Cloning and expression of a full-length glutamate decarboxylase gene from a high-yielding γ-aminobutyric acid yeast strain MJ2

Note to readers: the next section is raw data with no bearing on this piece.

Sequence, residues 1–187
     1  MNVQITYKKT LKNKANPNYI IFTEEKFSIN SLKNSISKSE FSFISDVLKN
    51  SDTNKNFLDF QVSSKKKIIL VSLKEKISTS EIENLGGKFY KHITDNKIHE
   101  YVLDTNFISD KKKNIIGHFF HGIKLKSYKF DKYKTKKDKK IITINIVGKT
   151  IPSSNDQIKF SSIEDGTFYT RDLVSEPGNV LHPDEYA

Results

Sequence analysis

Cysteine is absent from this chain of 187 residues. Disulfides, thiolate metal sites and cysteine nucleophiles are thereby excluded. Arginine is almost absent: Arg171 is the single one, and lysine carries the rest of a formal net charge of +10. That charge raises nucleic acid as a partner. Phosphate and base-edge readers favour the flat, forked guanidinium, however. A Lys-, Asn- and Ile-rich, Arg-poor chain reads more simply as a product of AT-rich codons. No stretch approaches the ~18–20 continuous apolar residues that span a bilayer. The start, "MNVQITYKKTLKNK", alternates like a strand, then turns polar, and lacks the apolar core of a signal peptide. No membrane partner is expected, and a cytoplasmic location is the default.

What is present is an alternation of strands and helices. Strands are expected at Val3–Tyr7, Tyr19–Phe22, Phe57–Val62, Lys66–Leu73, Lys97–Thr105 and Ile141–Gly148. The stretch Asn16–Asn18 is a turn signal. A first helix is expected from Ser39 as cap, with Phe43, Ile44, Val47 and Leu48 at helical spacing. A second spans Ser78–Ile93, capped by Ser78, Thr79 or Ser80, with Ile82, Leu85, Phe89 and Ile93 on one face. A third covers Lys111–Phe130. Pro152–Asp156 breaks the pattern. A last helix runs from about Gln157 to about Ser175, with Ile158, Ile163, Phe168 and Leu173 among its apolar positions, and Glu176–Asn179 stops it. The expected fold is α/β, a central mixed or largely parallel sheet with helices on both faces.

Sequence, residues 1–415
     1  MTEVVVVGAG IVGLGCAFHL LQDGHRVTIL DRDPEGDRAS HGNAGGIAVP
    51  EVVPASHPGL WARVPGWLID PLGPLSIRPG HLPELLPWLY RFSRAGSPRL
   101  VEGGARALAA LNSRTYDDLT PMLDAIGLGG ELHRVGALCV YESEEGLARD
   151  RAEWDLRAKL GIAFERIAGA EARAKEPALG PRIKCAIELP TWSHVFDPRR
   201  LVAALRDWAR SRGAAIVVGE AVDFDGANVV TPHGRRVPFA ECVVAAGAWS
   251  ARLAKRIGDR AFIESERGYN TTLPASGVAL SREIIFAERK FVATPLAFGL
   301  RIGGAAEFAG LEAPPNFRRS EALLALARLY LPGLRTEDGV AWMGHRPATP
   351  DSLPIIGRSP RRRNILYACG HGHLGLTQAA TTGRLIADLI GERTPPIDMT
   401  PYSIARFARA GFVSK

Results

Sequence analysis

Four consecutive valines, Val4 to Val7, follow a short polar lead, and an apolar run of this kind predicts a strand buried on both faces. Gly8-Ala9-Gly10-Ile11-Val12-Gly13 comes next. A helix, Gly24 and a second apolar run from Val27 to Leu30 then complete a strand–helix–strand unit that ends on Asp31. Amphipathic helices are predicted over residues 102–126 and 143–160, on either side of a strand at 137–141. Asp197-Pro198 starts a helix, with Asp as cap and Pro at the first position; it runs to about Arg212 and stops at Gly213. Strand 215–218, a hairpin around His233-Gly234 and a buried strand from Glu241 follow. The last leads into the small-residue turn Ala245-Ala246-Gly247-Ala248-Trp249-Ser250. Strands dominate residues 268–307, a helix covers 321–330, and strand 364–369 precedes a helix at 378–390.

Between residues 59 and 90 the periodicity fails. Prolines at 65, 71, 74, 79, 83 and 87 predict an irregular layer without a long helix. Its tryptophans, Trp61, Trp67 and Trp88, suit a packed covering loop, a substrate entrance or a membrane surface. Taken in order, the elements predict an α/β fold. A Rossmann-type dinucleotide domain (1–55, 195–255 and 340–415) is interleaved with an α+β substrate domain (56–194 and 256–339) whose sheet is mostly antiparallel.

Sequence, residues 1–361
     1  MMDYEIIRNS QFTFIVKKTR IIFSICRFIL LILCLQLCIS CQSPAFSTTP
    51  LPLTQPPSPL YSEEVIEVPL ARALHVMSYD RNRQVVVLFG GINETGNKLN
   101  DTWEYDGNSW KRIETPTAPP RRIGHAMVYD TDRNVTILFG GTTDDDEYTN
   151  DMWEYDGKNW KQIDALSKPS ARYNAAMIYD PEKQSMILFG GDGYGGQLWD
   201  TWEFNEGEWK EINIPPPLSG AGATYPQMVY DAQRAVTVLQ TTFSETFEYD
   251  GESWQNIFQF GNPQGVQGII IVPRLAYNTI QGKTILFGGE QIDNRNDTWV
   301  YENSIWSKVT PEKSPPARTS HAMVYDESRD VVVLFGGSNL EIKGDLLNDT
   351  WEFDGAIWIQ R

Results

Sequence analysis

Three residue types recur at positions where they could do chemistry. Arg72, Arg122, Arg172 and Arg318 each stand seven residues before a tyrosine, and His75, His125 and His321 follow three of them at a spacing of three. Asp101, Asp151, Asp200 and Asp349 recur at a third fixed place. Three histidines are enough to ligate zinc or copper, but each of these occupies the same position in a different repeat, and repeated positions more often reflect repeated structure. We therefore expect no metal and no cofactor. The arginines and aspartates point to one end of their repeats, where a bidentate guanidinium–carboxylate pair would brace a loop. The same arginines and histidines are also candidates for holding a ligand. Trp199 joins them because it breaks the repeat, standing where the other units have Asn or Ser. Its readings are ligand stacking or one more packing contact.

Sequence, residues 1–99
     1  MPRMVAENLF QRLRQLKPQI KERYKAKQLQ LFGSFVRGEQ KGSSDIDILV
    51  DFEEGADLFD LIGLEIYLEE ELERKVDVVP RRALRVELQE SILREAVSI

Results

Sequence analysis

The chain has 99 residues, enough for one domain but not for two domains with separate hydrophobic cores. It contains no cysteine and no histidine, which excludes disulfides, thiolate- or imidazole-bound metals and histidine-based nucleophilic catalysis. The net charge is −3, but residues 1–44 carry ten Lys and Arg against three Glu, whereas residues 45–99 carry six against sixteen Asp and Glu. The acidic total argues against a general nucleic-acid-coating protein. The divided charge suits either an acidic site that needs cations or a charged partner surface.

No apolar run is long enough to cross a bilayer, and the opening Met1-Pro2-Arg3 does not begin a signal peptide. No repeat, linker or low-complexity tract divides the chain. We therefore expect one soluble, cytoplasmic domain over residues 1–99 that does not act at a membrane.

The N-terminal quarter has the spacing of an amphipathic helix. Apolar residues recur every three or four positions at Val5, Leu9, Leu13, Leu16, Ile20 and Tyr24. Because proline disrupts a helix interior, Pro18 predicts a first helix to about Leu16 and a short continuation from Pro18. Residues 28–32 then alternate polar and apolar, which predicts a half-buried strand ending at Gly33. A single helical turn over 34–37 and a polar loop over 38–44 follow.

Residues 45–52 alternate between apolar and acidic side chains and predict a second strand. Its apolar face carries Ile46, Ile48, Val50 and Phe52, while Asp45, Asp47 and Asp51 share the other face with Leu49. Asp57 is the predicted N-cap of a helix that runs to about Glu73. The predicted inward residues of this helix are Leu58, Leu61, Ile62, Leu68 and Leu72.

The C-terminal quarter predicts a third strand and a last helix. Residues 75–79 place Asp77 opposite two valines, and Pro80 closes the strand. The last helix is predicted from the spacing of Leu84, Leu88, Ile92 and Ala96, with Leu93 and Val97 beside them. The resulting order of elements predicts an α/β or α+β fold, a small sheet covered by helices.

Sake yeasts take up gamma-aminobutyric acid (GABA) derived from rice-koji in the primary stage of sake brewing. The GABA content in sake brewed with the UGA1 disruptant, which lacked GABA transaminase, was higher than that brewed with the wild-type strain K701. The UGA1 disruptant derived from sake yeast could not grow on a medium with GABA as the sole nitrogen source. We have isolated the sake yeast mutants of K701 that were unable to grow on a medium containing GABA as the sole nitrogen source. The growth defect of GAB7-1 and GAB7-2 mutants on GABA plates was complemented by UGA1, which encodes GABA transaminase, and UGA2, which encodes succinic semialdehyde dehydrogenase (SSADH), respectively. DNA sequence analysis revealed that GAB7-1 had a homozygous nonsense mutation in UGA1 and GAB7-2 had a heterozygous mutation (G247D) in UGA2. The GABA transaminase activity of GAB7-1 and the SSADH activity of GAB7-2 were markedly lower than those of K701. These GAB mutants displayed a higher intracellular GABA content. The GABA contents in sake brewed with the mutants GAB7-1 and GAB7-2 were 2.0 and 2.1 times higher, respectively, than that brewed with the wild-type strain K701. These results suggest that the reduced function of the GABA utilization pathway increases the GABA content in sake.